THAT crazed girl improvising her music.
Her poetry, dancing upon the shore…
From traditional folk music to hard bitten rock anthems, Ireland is a country immersed in their music heritage and the rich tradition of live performance. We began our musical journey on a Musical Pub Crawl in Dublin, our guides explained the different styles, traditional instruments and taught us all to play the boot (stomping the beat). They encouraged us to bring our music to the evening, and Suzanne took up the challenge to share a song from her heart. The pub crawl is aimed at the tourists but it is a great introduction to the Irish folk traditions and the music you will encounter in every pub in Ireland.
In Kinsale, we headed to the local pubs and joined the locals as the belted out the gritty sometimes bawdy songs. While the tourists still outnumbered the locals (at least early in the evening), they played to their passions with strong voices and instrumental skills beyond their amateur status. Grab a Murphy’s (the preferred stout in County Cork), play the boot and if the mood takes you chime in to share a song from your home.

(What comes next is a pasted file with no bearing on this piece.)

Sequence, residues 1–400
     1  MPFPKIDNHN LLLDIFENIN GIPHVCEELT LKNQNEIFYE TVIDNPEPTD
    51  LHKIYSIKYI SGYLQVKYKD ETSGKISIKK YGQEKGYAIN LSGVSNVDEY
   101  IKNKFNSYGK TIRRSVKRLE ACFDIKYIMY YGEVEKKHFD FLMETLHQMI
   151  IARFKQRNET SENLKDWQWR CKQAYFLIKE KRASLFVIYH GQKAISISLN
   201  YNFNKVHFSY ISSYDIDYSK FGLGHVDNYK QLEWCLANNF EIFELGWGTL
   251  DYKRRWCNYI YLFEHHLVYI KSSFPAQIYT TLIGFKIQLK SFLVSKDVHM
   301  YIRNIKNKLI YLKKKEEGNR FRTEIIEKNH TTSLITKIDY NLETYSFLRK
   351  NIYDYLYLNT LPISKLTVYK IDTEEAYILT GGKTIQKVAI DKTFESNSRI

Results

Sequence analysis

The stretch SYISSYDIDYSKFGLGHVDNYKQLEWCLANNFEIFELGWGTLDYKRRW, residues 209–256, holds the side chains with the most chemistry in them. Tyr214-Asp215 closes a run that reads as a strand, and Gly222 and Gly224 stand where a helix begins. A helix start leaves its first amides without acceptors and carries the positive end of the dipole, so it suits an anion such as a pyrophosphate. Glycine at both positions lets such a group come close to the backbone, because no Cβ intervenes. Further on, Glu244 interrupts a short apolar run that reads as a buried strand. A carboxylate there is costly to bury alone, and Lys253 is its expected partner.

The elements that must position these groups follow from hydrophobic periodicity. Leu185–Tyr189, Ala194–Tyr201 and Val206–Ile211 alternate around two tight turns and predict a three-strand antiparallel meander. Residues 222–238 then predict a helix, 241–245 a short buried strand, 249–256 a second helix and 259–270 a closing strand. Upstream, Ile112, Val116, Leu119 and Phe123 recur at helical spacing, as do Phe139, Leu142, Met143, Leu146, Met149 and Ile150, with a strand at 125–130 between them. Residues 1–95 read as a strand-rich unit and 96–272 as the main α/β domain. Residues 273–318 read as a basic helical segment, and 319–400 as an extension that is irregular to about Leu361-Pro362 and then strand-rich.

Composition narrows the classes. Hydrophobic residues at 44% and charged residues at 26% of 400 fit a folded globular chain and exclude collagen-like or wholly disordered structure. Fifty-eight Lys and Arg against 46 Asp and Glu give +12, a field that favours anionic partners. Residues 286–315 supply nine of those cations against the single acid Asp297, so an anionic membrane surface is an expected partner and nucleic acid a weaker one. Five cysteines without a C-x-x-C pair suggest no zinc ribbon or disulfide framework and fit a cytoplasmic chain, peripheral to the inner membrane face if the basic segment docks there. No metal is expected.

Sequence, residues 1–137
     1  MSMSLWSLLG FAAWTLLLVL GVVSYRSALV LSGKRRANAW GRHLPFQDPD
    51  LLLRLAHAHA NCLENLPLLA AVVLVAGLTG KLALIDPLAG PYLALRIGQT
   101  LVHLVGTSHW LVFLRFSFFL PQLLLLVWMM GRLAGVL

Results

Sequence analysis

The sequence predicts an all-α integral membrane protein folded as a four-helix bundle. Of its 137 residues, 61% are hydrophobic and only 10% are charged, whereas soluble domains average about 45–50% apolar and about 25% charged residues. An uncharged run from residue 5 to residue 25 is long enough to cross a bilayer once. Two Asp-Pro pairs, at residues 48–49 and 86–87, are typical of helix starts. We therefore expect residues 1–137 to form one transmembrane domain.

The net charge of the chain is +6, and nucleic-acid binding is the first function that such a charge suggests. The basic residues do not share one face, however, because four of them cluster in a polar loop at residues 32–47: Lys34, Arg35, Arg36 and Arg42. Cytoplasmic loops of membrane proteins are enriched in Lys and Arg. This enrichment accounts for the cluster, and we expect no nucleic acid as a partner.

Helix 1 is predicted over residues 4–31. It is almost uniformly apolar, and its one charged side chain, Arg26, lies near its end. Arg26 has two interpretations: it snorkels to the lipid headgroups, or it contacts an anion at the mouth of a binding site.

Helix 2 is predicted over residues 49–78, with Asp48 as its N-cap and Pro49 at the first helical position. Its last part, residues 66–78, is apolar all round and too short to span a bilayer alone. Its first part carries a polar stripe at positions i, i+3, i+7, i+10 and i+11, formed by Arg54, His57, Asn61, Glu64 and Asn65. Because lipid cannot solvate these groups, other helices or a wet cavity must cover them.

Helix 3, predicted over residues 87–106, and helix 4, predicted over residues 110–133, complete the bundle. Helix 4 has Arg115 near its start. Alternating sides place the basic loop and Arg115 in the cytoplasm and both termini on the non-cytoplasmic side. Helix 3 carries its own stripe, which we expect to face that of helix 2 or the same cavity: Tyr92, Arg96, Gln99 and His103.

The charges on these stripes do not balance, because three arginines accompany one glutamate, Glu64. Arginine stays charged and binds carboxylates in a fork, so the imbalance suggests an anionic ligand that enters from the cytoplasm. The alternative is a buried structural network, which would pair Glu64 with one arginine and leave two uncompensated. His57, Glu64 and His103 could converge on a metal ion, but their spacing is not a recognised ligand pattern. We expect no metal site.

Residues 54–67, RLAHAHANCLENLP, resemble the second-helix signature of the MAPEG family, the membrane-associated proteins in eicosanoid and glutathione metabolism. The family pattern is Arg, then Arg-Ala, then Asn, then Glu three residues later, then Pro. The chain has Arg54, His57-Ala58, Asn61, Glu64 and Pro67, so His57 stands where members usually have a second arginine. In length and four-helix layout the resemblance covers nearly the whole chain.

In Dingle, we visited Siopa Ceoil for an introduction to the Irish language from the music shop’s enthusiastic owner Michael Herlihy. Michael’s encyclopaedic knowledge and passion for Irish music is infectious, and he hosts intimate concerts in his shop featuring some of Ireland’s best musicians and dancers. We had the pleasure of seeing Niamh Varian-Barry from the acclaimed Irish-American band Solas play with her husband Peter Staunton, fresh from their honeymoon the interplay between them made the music simply magical. Throw in World Champion Irish dancer David Geaney, and you have the full evening of Irish entertainment.
Music is everywhere in Ireland, walking down Grafton St (Dublin) on our last tour day we stopped to listen to Mutefish a reggae folk ‘n punk band that started as a busking project on the streets of Dublin in 2007. Although the Irish folk music influence is unmistakable, the original band members all hail from Eastern Europe with Daithi (flute/tin whistle) joining them in 2010 to add some Irish authenticity to their unique sound. The only souvenir we brought home was a copy of Mutefish’s CD On Draught, a great accompaniment to our Irish photo memories.